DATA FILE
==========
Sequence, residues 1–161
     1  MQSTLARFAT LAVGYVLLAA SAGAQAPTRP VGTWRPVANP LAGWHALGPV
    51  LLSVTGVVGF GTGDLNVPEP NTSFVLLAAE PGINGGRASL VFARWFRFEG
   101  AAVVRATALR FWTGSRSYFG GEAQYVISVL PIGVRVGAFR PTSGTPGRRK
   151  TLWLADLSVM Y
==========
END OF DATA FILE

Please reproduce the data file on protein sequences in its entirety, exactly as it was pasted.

Sequence, residues 1–161
     1  MQSTLARFAT LAVGYVLLAA SAGAQAPTRP VGTWRPVANP LAGWHALGPV
    51  LLSVTGVVGF GTGDLNVPEP NTSFVLLAAE PGINGGRASL VFARWFRFEG
   101  AAVVRATALR FWTGSRSYFG GEAQYVISVL PIGVRVGAFR PTSGTPGRRK
   151  TLWLADLSVM Y